Rutgers researcher discuss symptoms, complexities of autism
Autism Awareness Month seeks to promote the science and societal implications behind autism which are important to understanding the neurodevelopmental disorder and the people it affects.
Elizabeth Torres, an associate professor in the Department of Psychology, researches the sensory-motor symptoms of Autism Spectrum Disorder (ASD) and develops treatments used during early stages of development.
“We put sensors on the skin and detect these irregularities amplified by the motion patterns and their statistics, we read out those statistics and can ‘see’ it all unfolding as they move around,” Torres said.
These quantitative measurements of the patterns in movement of people with ASD are more accurate than clinical observation techniques, which are more biased, she said.
The issue behind this neurodevelopmental disorder is that the channel that organizes sensory information is broken. The brain continuously receives feedback from your motions, and "noisy code" prevents that information from being integrated, she said.
“It’s like having your cell phone with no bars. With all the bars you get great reception,” she said. "(Without all the bars) they don’t know how to respond properly, and therefore they don’t have proper social skills. How would you?”
People with autism many times “cannot feel their bodies,” and they sometimes take actions to rectify that. Torres said she saw one child walk on their toes and another carried 50 pounds in their backpack so that they can feel the pressure on their bodies.
Just as people with ASD may have a distorted perception of the world, others may have a distorted perception of ASD. The misperception that they have a choice to act the way they do leads to the popular idea that autism is a deficiency in social skills, not sensory-motor capabilities, she said.
Children with autism are often put in settings where they are expected to be “normal,” and subsequently get bullied and are severely lonely, she said.
“The media is not portraying autism the way it should be, and it's being diagnosed inappropriately,” she said.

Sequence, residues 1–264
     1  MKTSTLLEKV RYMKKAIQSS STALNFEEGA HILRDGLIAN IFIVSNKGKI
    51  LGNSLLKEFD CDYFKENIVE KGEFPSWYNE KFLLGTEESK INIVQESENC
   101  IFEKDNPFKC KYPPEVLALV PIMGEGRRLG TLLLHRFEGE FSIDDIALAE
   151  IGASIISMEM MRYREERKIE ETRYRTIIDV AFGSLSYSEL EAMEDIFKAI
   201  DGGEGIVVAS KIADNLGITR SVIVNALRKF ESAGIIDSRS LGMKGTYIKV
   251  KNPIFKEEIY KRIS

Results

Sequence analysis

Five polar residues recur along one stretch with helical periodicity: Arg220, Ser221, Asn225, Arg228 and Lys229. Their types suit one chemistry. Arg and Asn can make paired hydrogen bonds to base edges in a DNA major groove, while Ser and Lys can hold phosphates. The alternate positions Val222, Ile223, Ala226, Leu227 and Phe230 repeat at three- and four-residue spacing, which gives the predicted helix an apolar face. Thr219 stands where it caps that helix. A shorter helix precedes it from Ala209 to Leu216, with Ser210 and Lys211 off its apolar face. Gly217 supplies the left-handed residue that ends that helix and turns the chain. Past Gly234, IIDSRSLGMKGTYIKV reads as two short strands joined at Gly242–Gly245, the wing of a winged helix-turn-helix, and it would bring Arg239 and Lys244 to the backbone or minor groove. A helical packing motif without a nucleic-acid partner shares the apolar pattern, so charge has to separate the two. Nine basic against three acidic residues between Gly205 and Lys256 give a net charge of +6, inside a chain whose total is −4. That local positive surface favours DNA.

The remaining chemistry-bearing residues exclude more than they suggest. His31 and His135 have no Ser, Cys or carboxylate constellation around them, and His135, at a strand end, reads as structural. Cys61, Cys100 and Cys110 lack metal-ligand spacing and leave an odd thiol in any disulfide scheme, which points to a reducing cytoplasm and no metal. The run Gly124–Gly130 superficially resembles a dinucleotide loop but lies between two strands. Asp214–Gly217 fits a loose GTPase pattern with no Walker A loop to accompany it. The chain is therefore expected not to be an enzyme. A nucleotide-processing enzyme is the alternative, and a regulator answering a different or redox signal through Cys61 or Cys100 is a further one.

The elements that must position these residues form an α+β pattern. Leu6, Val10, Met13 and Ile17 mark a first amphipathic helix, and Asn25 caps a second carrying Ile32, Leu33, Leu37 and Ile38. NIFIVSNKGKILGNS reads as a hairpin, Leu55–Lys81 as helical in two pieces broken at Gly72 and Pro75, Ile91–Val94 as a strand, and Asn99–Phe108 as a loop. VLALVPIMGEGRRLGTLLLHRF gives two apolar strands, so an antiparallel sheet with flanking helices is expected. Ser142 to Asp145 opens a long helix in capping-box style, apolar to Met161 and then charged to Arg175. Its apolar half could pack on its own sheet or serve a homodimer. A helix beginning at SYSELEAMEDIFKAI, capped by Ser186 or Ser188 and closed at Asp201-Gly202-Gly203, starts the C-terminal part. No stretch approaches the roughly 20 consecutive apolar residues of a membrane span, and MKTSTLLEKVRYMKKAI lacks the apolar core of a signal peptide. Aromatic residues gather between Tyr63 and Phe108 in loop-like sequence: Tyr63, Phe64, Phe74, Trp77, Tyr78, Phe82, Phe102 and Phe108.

As a result, people with ASD are heavily medicated for depression and other issues, which worsens their condition, she said.
This improper medication is a facet of the “financial conflict of interest” that exists, which is when pharmaceutical companies pay doctors of the Diagnostic and Statistical Manual of Mental Disorders (DSM) to prescribe expensive
This practice may exacerbate behavioral issues in patients and cause financial and sometimes marital distress for their parents, while still being funded by taxpayers, Torres said.
Lara Delmolino, director of Douglass Developmental Disabilities Center is a practitioner of Applied Behavioral Analysis (ABA) therapy, the most prevalent treatment for people with autism, which is widely covered by insurance.
“(Practitioners) look at each individual person and try to understand what their sensory challenges are and what other learning challenges they have,” she said.
They then modify the patient's environment accordingly to these specific hypotheses. ABA therapy is often used to increase communication skills as well as the abilities of children with autism to function in society, she said.
Torres believes that other therapies can be additive or replacements to current therapies by accounting for the underlying sensory-motor issues of autism that she researches and not just its symptoms, such as aggression and tantrums, she said. These alternative treatments include neurological music, occupational
She hopes that her instrumental method of using sensory technology to collect data of people’s
Keshav Patel, a School of Arts and Sciences first-year student, believes that tolerance toward autism is on an upward trend.
“There has been a lot of integration of autistic patients into society and work," he said.
Namrata Pandya is a School of Arts and Sciences first-year student. She is a contributing writer for The Daily Targum.